Last December I announced the details of Australia’s detainee management framework in Afghanistan following the Dutch withdrawal from Uruzgan Province on 1 August 2010.
At the same time, I committed to providing regular updates on developments in detainee management in Afghanistan.
Australia takes its responsibilities for the humane treatment of detainees seriously. Australia’s detainee management framework draws on applicable international standards and is consistent with international humanitarian and human rights law, as well as Australian domestic law.
Under the detainee management framework, detainees apprehended by the Australian Defence Force (ADF) are transferred either to Afghan or United States custody, or released if there is insufficient evidence to justify ongoing detention.
From 1 August 2010 to 13 February 2011, Australia apprehended 425 detainees. Of these, 80 have been transferred to Afghan or United States authorities. The remainder have been released following initial screening.
Australia has in place arrangements with the Governments of Afghanistan and the United States to govern all detainee transfers, which include assurances on the humane treatment of detainees and access to those detainees by Australian officials and humanitarian organisations to monitor their ongoing welfare.
Australia’s detainee monitoring teams monitor the welfare and detention conditions of ADF-apprehended detainees while they are in United States or Afghan custody until they are either released or sentenced. The monitoring team visits each ADF-apprehended detainee shortly after transfer and approximately every four weeks after the initial visit.
All allegations of mistreatment against ADF-apprehended detainees are fully investigated.
Since 1 August 2010, 8 allegations (from 6 detainees), have been made and thoroughly investigated. These allegations have been found to have had no substance and have been dismissed. Since 1 January 2011 one allegation has been made . The allegation was thoroughly investigated and found to have had no substance and has been dismissed. These allegations and the outcome of the comprehensive investigations is reported in full to the International Security Assistance Force (ISAF) and appropriate humanitarian organisations.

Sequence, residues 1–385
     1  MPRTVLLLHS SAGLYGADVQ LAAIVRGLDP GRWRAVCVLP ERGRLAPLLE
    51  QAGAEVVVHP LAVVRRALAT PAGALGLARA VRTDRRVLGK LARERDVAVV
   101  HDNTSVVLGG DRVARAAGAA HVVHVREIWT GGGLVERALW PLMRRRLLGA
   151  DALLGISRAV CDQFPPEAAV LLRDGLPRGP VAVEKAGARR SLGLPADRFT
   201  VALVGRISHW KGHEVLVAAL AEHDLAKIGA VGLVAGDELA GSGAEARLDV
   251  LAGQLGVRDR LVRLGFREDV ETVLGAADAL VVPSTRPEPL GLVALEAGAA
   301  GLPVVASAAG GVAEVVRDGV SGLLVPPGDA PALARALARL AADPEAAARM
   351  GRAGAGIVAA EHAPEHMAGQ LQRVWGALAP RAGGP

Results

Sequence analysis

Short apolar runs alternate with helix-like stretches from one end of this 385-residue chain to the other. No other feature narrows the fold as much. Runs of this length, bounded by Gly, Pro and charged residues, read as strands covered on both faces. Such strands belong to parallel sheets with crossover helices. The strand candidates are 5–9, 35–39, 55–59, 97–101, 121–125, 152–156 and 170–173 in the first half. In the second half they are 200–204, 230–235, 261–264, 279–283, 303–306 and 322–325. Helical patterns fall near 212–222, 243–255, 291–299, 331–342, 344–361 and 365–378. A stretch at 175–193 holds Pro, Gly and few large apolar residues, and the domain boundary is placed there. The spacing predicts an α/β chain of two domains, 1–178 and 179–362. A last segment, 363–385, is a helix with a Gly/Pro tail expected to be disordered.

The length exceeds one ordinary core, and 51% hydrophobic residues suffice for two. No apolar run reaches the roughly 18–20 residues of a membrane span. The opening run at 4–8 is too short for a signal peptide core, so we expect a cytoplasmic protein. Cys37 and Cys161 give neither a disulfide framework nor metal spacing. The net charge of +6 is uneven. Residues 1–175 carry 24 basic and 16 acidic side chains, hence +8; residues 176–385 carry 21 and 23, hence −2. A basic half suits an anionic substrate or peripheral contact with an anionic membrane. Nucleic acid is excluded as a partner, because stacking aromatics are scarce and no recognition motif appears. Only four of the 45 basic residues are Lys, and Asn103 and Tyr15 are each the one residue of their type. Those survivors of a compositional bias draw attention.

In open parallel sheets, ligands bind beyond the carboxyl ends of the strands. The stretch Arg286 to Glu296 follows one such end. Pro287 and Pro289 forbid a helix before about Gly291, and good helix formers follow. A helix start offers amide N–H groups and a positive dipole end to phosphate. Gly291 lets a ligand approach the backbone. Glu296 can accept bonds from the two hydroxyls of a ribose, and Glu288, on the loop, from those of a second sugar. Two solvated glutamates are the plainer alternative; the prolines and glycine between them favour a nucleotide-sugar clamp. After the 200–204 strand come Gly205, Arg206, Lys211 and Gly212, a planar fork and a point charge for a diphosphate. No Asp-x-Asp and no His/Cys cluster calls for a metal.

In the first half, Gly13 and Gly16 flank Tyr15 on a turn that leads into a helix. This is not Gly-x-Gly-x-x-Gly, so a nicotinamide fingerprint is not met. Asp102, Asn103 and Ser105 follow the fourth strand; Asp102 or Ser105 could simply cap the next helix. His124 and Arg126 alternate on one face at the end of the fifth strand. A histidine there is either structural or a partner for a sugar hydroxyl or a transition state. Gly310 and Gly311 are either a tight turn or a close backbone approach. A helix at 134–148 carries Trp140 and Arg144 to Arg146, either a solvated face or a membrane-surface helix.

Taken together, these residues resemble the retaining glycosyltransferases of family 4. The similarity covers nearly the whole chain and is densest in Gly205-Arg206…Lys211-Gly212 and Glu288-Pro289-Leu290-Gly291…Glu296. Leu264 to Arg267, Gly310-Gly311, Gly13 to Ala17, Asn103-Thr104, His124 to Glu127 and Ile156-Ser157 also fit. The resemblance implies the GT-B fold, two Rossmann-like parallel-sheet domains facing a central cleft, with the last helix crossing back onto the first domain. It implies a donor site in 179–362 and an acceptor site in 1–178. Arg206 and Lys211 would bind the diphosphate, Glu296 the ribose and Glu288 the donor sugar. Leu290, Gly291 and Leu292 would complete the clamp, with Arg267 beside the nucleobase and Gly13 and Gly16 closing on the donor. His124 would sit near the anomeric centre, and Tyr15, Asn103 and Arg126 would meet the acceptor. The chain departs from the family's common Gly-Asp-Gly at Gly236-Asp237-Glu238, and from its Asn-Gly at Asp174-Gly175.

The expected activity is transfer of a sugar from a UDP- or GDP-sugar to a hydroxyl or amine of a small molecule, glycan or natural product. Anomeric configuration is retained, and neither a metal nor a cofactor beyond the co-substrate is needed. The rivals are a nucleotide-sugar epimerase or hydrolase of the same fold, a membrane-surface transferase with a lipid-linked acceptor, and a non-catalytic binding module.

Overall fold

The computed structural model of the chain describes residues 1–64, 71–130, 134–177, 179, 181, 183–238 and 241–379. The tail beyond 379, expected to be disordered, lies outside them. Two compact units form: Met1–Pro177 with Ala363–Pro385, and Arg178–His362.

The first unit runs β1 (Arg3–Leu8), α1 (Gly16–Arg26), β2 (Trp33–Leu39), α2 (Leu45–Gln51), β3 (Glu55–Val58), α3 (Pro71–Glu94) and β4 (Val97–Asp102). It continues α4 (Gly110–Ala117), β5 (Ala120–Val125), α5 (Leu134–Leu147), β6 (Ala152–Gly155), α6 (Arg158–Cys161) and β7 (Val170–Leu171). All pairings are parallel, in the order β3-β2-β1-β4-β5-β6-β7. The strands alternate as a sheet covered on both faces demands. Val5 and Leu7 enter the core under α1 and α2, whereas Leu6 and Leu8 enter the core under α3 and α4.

In keeping with the commitment to be open and transparent on detainee management matters, I also advise that, in late January, the Australian Defence Force Investigative Service (ADFIS) initiated an investigation into allegations made by a Defence member that members of the Detention Management Team in Afghanistan, responsible for managing the ADF detainee screening facility at Multinational Base-Tarin Kot, may not have complied with procedures relating to the management and administrative processing of detainees.
These allegations have been and are being taken very seriously and a full investigation by ADFIS is underway.
I will make the results of the investigation public in due course.
In reporting the investigation to me, the acting Chief of the Defence Force (CDF) also advised that some failures of the CCTV recording system, which operates at the ADF screening facility, had been identified.
The ADF is addressing this serious CCTV issue and has begun to put in place procedures to resolve the matter, including immediate action to ensure continuous footage is being recorded and archived.
The CDF will report the outcomes of this action to me in the near future.
Not only is Australia committed to holding our own personnel to the highest standards on detainee management, if ADF personnel become aware of concerns regarding the treatment of detainees by our International Security Assistance Force (ISAF) or Afghan partners, we also treat this with the utmost seriousness.
In this respect, I advise that, in early February, Australian soldiers witnessed an incident that occurred during an Afghan detention operation in Uruzgan Province.
At the time of the incident, Australian soldiers were operating some distance from Afghan National Security Forces.
Australia has raised the matter with the Afghan Government and ISAF and asked that the matter be fully investigated. ISAF Joint Command will participate in an investigation led by the Afghan National Security Forces.
As well, I undertook to provide details on the numbers of detainees who have been captured, released and subsequently recaptured by Australian forces.
Since 1 August 2010, I am advised the ADF have captured four people who were subsequently released, then recaptured.
The ADF does not continue to detain people if there is a lack of evidence which shows that detention is justified.
Three of the individuals in question were released on both occasions as there was insufficient evidence to warrant their continued detention.
In the case of the fourth individual, the second time he was apprehended there was sufficient evidence to provide a conclusive link to the insurgency. In accordance with Australia’s detainee management framework, he was transferred to the Detention Facility in Parwan.
I will continue to provide regular updates, including to Parliament, on detainee management matters in Afghanistan.
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